The Whisky Collection on Boxing Day 2011
A gift to myself – well I couldn’t resist it when seeing on the shelf at my local supermarket for less than £20 ! It’s one of Ian Buxton’s 101 Whiskies to Try, and Macallan are one of the biggest single malt producers in Scotland
This 10 year old from Macallan is matured in sherry casks. Macallan uses only Golden Promise barley, and actually use up 90% of the annual crop of Golden Promise in Scotland
The flagship of The Macallan range in the UK market, it has become a benchmark for single malt of the highest quality. Matured exclusively in Spanish oak sherry casks, to deliver a deep, rich, deliciously smooth and well-rounded flavour, with a slight sweetness and touch of sherry and wood. Its deep colour is achieved wholly naturally without the addition of any colouring.
A gift from my daughter Kat, and another of Ian Buxton’s 101 Whiskies to Try.
There is a litany of strange and bewildering customs on Jura but maybe the one regarding the Ankh cross demands the greatest attention. This ancient symbol dates back to Egyptian times and is long rumoured to bring good fortune. Just so long as you pour the whisky in the correct manner, by holding the bottle with the Ankh cross in the centre of your palm.
Lightly peated with hints of smoke and spice. Crafted from a selection of the finest aged Jura single malt whiskies, this mysterious spirit has a unique style and character, with tastes of spice, honey, pine and peat with a whisper of smoke.
Gold Winner at the 2009 SFWSC Awards.
A gift from my son Carl, and another of Ian Buxton’s 101 Whiskies to Try. This bottle is from Batch number 37 and bottled at cask strength.
The word a’bunadh is roughly translated into English from Scottish Gaelic as “original.”
Though it has no age statement, it is released in limited run batches, each batch carrying a unique number on its label. Each batch of this whisky is blended from barrels ranging from 5 to 25 years old.
A’bunadh is exclusively aged in Spanish oak Oloroso sherry butts and therefore has a sweeter, softer flavor than most scotch. At one time, sherry casks were universally used for maturing scotch whisky.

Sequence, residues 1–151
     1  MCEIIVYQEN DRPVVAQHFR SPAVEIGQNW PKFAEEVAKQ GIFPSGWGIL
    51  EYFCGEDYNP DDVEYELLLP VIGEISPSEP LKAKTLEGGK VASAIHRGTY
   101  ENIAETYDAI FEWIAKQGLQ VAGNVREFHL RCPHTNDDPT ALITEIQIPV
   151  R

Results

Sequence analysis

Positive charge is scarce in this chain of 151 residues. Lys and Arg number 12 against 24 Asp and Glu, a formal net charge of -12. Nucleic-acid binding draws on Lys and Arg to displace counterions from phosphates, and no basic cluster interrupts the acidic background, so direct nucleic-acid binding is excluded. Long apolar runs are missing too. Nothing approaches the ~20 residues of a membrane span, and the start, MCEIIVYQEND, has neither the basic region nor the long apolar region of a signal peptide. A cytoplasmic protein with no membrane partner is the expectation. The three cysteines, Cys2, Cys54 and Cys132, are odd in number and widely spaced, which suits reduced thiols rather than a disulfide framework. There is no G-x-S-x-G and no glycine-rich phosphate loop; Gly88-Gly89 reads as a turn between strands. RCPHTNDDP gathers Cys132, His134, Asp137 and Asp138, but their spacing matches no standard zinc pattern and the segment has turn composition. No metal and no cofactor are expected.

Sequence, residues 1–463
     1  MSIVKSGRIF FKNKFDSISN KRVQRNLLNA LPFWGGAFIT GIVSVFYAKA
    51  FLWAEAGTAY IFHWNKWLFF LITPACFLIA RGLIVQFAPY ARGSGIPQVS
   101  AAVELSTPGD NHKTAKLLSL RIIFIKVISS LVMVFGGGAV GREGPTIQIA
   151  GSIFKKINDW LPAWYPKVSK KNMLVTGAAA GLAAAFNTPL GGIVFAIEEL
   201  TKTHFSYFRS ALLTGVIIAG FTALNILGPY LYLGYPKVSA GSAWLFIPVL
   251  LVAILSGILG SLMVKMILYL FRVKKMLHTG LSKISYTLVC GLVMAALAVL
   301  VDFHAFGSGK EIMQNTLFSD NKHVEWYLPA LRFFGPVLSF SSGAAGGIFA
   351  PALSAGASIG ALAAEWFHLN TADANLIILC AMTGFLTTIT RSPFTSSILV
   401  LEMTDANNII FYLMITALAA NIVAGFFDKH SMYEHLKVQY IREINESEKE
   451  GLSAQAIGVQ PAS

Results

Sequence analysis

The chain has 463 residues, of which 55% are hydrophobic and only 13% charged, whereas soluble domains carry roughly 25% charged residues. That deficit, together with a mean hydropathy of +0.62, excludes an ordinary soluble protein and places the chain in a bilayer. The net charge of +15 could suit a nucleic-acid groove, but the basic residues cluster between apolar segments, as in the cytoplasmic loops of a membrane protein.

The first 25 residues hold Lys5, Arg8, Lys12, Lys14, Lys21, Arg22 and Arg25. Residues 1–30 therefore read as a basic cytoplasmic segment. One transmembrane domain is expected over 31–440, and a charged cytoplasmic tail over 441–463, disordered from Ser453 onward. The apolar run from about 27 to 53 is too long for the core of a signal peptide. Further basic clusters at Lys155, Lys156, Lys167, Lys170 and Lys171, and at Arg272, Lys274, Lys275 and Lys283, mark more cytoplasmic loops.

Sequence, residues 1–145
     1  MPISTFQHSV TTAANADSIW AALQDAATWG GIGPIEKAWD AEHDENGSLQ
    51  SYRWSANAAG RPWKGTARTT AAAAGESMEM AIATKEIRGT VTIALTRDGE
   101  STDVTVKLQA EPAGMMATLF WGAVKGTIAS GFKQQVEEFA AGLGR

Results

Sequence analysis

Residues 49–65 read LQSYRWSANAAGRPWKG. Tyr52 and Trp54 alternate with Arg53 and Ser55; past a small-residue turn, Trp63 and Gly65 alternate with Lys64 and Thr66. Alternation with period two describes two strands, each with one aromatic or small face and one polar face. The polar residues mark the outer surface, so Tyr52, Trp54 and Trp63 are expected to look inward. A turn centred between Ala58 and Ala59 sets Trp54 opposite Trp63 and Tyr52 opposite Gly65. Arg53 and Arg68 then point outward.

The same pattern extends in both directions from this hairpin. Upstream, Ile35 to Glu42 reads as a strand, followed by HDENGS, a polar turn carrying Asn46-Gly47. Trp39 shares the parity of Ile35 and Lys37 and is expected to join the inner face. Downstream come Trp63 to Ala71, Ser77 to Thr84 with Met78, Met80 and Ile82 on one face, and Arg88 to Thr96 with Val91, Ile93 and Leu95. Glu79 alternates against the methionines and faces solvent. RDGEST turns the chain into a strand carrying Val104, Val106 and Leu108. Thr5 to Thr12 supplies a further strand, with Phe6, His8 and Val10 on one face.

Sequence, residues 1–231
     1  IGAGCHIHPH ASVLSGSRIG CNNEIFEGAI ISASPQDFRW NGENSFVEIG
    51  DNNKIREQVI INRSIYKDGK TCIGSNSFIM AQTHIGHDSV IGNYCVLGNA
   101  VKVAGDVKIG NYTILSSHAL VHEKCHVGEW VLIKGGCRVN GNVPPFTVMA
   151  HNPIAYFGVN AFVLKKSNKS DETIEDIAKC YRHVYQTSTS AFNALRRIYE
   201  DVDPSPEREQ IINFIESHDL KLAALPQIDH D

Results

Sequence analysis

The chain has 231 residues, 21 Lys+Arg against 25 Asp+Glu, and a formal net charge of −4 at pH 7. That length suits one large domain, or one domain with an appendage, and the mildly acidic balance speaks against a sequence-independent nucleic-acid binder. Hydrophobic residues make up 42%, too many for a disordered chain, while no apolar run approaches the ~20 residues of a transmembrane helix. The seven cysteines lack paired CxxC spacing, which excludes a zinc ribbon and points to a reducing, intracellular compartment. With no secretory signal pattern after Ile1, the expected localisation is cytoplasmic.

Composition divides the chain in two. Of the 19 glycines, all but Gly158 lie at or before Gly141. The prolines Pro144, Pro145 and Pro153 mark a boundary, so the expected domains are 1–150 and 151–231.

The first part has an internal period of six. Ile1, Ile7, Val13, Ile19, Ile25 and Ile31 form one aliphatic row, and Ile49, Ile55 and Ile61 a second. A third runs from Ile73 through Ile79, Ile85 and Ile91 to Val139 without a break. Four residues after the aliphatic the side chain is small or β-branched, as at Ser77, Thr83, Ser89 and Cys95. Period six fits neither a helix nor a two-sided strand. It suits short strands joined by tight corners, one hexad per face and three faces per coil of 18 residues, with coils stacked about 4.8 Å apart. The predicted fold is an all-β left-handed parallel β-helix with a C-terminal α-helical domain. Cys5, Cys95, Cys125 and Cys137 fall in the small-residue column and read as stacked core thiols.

Rumour has it that when the second pair of stills were put in in 1975, a time capsule was discovered behind the name plate, containing an 1898 newspaper about the distillery fire wrapped around an 1898 bottle of Aberlour. The workmen who discovered the bottle polished off four fifths of the bottle during their lunch break, but the remains of the bottle went off to the laboratories in Keith, and were analysed. A’bunadh is an attempt to recreate this single malt.
A’bunadh is not chill filtered.
Following my guide, (see November 2011) I spotted an opportunity to try my first blended scotch whisky and picked up a bottle of Black Grouse. Made by the makers of Famous Grouse, the long established best selling blended scotch. This Islay influenced, peaty blend is a blend of their Famous Grouse with some Islay single malts. For everyday drinking it is quite pleasant, especially as I do like the peaty malts of Islay, and I would certainly prefer this over the standard Famous Grouse – but I can’t put it over any of the single malts tasted to date.
For my official December addition to the collection I decided to go for a vintage single malt. Again following my new guide I ordered this from ‘The Whisky Exchange’. Balblair is just along the road from the Glenmorangie distillery but seems to have a much lower profile. This 1989 vintage was distilled in 1989 and is the 2nd release bottling. 22 years in oak casks and now my oldest whisky.
What were you doing in 1989 ?
This was laid down in casks in the same year as the Berlin Wall came down, Salvador Dali died and the start of the world wide web with hypertext proposed !
A ‘Brucie Bonus’ as I managed to slip this into the trolley. Not on the ’101 list’, but on my earlier ‘wish list’ so completely justified !
Another Speyside malt from a distillery with a great pedigree. This entry level single malt is from their ‘Fine Oak’ range and is triple cask matured in a combination of oak casks; European Oak seasoned with sherry, American Oak seasoned with sherry, and American Oak casks seasoned with bourbon.
The seed was originally planted at the end of 2009. Sales Manager and friend, Philip Maurice bought in the end of a special bottle of whisky for me to try. Initially I did not want to even try it. I didn’t like whisky ! I was a red wine and Guinness drinker (not in the same glass). But Phil persuaded me that this would be unlike anything else I had previously tasted.
He was right. It was a Clynelish 14 Year Old cask strength whisky and I immediately enjoyed the nose. I can’t remember too much about it and went back to drinking my red wine and Guinness throughout 2010.
Then at the end of the year Phil brought different bottle in for me to sample. I didn’t need persuading this time.
The journey begins shows my first purchases and the start of my whisky journey, and because I didn’t start this on-line blog upon commencing my journey, I have listed my collection additions from January to November 2011 here
From here on I will be updating my collection on a regular basis